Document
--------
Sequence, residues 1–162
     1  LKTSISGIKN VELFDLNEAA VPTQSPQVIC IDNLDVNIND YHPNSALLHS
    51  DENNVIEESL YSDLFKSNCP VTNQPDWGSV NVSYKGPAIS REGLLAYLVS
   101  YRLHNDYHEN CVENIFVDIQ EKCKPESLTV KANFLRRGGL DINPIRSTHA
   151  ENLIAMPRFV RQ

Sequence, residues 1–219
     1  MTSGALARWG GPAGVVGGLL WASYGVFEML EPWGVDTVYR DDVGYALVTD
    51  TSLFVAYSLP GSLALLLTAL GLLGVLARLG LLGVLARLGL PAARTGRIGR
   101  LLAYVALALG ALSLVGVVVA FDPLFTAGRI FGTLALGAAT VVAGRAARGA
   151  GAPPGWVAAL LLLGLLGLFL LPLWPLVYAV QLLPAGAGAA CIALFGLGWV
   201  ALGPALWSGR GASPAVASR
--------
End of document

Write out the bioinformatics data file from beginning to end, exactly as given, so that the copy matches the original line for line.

Sequence, residues 1–162
     1  LKTSISGIKN VELFDLNEAA VPTQSPQVIC IDNLDVNIND YHPNSALLHS
    51  DENNVIEESL YSDLFKSNCP VTNQPDWGSV NVSYKGPAIS REGLLAYLVS
   101  YRLHNDYHEN CVENIFVDIQ EKCKPESLTV KANFLRRGGL DINPIRSTHA
   151  ENLIAMPRFV RQ

Sequence, residues 1–219
     1  MTSGALARWG GPAGVVGGLL WASYGVFEML EPWGVDTVYR DDVGYALVTD
    51  TSLFVAYSLP GSLALLLTAL GLLGVLARLG LLGVLARLGL PAARTGRIGR
   101  LLAYVALALG ALSLVGVVVA FDPLFTAGRI FGTLALGAAT VVAGRAARGA
   151  GAPPGWVAAL LLLGLLGLFL LPLWPLVYAV QLLPAGAGAA CIALFGLGWV
   201  ALGPALWSGR GASPAVASR